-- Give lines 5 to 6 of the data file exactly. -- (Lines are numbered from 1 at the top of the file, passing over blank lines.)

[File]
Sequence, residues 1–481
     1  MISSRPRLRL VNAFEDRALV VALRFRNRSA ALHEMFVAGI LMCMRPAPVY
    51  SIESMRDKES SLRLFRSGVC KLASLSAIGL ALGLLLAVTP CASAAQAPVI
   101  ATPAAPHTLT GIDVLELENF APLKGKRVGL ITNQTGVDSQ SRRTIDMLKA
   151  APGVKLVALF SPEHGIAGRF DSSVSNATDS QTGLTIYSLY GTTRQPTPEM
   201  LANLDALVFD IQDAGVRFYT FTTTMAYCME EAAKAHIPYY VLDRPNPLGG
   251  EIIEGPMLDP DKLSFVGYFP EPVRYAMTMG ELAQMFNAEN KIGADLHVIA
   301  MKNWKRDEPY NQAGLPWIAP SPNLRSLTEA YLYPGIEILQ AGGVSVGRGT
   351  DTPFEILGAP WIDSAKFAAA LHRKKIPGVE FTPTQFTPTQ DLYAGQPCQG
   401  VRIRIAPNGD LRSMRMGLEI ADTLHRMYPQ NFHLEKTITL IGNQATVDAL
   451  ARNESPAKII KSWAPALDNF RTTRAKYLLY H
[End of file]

   151  APGVKLVALF SPEHGIAGRF DSSVSNATDS QTGLTIYSLY GTTRQPTPEM
   201  LANLDALVFD IQDAGVRFYT FTTTMAYCME EAAKAHIPYY VLDRPNPLGG